Welcome to Cochran Clan Sugar Glider Rescue. We are a 501(c)3 rescue that specializes in sugar gliders. We serve NC, SC, VA, and eastern TN.
Our goal is to find forever homes for all gliders that come to the rescue. All males are neutered with in 3 weeks of entering the rescue. All gliders are also adopted out for pet only. None of our rescues are for breeding. If gliders come in prebonded together then they will stay together. We have no intention of separating gliders. We want them to have happy lives and feel that separating them would cause extra stress.
What is a sugar glider
Before we can dive into the history of these little creatures, we must first know and understand what they are. Have you ever told someone that you own sugar gliders and you get this,” those are those Flying Squirrels right?” Or, “ are they like flying monkeys?” no, they aren’t squirrels and no, they aren’t monkeys. They are something far greater. They’re one of three mammal species on Earth that can glide. But they are more than that. They are also part of the marsupial family of mammals. This means that the babies (joeys) are carried and nursed in a pouch located on the mother’s abdomen. The common sugar glider is one of four subspecies of possum that can glide. There are 37 sub species of possum in Australia and its surrounding Islands. So, in reality they are closer to Kangaroos and koalas.
The common sugar glider or petaurus breviceps is the one people have as pets in the US. The Latin translation for this means short-headed-rope-dancer, and this is very accurate once you witnessed their acrobatic skills. They are one of four subspecies of gliding possum native to Australia, New Guinea, some Indonesian Islands, and Malaysia. They can grow to be around 12 to 13 in from nose to the tip of their tail (the tail can be 1-1.5 times the length of their actual body) and can weigh between 65 and 180 grams. They have a flap of skin wrapped around thin muscles known as the patagium that connect their front and back feet together. They Glide by stretching out these flaps of skin and creating a narrow foil. This allows them to Glide (not fly) up to 50 m or 150 ft. They have a glide ratio of 1.8/1 or 1 meter vertical to 1.8 meters horizontal.
History of the sugar glider
So now that we know what they are, now we can look at their history. The first known fossil of a sugar glider dates back 15,000 years ago and was found in Northern Australia. We do not know how or when they migrated to New Guinea or the Indonesian Islands but records do state that they were introduced into the wild in Tasmania in 1835 to combat a beetle that was destroying trees there. They live in hollows in the trees and live in colonies of 7 or more in the wild.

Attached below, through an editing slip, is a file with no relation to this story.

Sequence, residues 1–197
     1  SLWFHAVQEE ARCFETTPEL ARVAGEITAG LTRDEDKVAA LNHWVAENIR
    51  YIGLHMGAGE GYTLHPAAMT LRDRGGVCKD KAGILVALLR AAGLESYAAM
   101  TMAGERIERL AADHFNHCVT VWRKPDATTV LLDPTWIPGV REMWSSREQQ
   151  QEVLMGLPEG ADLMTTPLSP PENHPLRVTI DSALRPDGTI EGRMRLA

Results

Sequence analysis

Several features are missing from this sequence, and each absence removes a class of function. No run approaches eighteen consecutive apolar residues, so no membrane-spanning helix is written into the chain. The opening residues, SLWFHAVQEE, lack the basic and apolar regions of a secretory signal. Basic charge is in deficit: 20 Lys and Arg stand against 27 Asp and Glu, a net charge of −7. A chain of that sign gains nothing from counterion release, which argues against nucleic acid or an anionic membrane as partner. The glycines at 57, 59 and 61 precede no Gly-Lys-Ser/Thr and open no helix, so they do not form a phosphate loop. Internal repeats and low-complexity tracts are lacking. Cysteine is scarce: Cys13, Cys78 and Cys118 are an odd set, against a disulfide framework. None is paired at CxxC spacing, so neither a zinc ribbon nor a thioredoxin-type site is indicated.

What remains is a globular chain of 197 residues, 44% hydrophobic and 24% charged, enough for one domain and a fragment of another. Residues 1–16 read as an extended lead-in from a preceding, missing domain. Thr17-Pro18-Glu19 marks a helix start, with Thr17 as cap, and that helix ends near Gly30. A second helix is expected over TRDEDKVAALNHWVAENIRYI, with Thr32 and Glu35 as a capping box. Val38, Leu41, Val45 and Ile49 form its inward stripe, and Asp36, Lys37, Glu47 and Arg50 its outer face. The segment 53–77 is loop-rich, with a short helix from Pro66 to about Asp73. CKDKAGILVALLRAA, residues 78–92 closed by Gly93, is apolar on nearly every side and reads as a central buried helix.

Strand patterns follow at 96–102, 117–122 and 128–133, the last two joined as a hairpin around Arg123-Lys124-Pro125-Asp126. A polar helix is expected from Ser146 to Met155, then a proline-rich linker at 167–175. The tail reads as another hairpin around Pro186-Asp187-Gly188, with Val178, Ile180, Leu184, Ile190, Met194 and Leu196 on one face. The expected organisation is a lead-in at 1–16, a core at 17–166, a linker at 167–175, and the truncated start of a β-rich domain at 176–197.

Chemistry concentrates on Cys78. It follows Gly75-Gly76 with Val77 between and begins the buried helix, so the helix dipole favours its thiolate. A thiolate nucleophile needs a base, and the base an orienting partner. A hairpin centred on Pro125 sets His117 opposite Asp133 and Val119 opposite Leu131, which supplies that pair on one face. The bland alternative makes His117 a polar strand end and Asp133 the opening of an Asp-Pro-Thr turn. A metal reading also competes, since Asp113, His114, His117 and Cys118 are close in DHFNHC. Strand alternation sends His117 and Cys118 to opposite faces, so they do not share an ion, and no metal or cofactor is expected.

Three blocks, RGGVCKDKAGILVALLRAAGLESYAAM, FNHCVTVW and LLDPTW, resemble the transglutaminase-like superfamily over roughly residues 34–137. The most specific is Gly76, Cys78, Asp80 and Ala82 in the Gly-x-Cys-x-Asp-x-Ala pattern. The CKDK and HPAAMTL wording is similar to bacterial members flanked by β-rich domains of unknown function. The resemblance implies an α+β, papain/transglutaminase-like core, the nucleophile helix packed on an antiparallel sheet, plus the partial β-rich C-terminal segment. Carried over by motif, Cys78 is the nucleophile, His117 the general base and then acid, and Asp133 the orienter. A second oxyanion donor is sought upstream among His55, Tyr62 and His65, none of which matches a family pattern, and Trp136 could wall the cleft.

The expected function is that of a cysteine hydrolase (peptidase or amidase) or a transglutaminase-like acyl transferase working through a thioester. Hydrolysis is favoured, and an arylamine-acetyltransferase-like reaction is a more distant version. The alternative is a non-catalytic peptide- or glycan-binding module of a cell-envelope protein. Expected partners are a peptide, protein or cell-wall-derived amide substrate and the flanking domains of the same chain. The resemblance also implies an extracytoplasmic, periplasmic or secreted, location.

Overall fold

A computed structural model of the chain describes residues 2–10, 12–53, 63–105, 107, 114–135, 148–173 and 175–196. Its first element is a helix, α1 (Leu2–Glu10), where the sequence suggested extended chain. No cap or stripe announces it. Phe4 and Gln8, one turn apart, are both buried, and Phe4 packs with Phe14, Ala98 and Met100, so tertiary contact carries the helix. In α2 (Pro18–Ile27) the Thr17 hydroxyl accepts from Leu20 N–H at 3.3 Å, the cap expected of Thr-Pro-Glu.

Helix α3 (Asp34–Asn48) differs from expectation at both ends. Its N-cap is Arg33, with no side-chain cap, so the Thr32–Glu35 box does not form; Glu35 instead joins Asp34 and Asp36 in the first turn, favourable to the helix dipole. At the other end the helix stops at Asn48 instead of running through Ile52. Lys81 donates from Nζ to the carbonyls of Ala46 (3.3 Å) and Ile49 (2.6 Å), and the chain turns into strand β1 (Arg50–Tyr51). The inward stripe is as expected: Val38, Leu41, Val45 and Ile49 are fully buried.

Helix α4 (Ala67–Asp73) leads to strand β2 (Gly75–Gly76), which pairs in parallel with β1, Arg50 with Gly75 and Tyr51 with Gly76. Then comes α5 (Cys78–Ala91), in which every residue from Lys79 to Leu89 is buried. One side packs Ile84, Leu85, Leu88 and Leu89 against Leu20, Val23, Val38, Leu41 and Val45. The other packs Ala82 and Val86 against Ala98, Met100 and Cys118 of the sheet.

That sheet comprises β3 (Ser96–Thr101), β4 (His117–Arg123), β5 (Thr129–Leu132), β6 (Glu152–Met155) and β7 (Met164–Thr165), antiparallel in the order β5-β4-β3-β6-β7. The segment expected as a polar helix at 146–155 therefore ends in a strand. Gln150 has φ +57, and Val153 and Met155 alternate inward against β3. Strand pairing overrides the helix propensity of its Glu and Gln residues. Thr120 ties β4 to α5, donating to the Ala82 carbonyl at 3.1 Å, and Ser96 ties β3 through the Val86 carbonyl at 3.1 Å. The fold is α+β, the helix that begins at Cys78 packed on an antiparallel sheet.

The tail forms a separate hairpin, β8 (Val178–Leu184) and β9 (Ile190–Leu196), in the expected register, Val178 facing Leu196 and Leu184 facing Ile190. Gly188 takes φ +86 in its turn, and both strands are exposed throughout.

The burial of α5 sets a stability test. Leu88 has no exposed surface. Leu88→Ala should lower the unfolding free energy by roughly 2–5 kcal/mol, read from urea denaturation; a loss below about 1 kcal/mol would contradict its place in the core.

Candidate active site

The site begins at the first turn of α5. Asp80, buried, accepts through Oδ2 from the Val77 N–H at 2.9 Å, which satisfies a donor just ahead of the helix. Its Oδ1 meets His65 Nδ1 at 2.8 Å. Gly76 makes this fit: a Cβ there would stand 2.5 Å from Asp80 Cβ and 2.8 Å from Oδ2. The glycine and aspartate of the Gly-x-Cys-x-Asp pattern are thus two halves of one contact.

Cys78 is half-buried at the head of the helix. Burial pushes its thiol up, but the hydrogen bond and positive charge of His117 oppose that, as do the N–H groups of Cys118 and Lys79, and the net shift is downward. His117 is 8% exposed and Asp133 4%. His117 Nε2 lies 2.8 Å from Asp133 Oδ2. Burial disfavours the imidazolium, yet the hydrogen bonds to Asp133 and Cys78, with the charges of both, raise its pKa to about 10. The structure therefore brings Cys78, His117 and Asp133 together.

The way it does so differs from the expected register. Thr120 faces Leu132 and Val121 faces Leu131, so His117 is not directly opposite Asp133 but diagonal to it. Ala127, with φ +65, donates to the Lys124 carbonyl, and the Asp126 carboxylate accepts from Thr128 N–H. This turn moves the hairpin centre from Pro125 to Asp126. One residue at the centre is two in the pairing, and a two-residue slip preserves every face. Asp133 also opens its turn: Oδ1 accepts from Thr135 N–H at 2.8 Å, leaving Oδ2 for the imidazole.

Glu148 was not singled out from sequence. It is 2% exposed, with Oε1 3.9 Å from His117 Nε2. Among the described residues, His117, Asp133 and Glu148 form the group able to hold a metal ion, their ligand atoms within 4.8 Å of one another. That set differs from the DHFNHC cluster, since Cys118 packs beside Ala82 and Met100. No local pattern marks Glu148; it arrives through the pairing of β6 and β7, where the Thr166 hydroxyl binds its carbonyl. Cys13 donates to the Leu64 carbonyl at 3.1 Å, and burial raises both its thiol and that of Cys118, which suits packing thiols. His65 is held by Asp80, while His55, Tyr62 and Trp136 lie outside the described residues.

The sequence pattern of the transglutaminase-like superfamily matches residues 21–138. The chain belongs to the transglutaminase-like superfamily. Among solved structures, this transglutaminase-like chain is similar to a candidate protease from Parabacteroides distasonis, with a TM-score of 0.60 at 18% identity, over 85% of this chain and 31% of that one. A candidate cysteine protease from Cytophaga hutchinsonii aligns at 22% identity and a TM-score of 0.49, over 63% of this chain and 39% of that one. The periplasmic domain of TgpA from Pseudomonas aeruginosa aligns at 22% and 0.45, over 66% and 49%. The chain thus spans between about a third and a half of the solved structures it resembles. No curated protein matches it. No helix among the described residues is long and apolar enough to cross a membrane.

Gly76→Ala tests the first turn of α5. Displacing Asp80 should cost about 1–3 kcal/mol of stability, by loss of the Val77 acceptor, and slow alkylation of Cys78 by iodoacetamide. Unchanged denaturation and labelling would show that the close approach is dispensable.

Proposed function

Pocket Pets state that they came into the us as pets in the mid-90s but, I got my first one in the late 80s and some have said they got their first one in the late 70s. But despite this argument, in 1994 they really became popular and these little furry monsters have captured our hearts ever since. When I purchased my first one it was in 1989 a kid down the road had one and I just had to also. Her name was Angel ( mainly because my friends was named Diablo) and she lived to be four years old. Now understand, we knew little about them then. She slept in a sock, ate rabbit and ferret food, and was kept in a hamster cage. We know now that all of that was wrong she went everywhere with me and literally stayed in the pocket of my shirt or in a fanny pack (yes the 90s.) There weren’t many around then and finding a cage mate wasn’t only difficult but wasn’t known to be necessary. The only research available was at the local library and there wasn’t much.
Today, glider owners have many more resources and a wide availability of gliders. It wasn’t until 1998 that anyone looked into diets and slightly before that, that we knew about the social aspect of gliders. Today you have many diets to choose from that help with the Nutritional Health of your gliders. We have learned proper Fabrics, cage setups, and specific types of plastics that are safe. We have also learned by tons of research, what types of fruits, vegetables, and plants are safe. Thanks to the World Wide Web, you can find this information pretty much anywhere now (beats having to track it down in the library.)
About 16 years ago a breeder named Priscilla Price came up with a database to keep lineage records for gliders. This is the (TPG) or the pet glider database. This database is still used today, though around 70% of gliders are not on that database. The reason for this is that only founding lines and color morphs were allowed on the database in the beginning. This means that the common gray glider will be more than likely not to be on this database unless they are from founding or colored lines. This was created to prevent inbreeding and line breeding amongst glider breeders.
Gliders today come in a wide variety of colors. Some of these colors are found in the wild but, most colors are bred for their aesthetic value. And it is estimated that there are somewhere around 7.5 million sugar gliders now in the US. That’s a big change from when I got mine years ago when it was estimated that there may have been 2,000 in the US.
That is the brief history of the sugar glider. They are still captured in the wild in certain countries. But, do nothing but steal our hearts here in the states. I know that I have always loved my gliders, as I’m sure all of you do too. And though their history here has been short I am sure that in the next 20 years we will know so much more about them.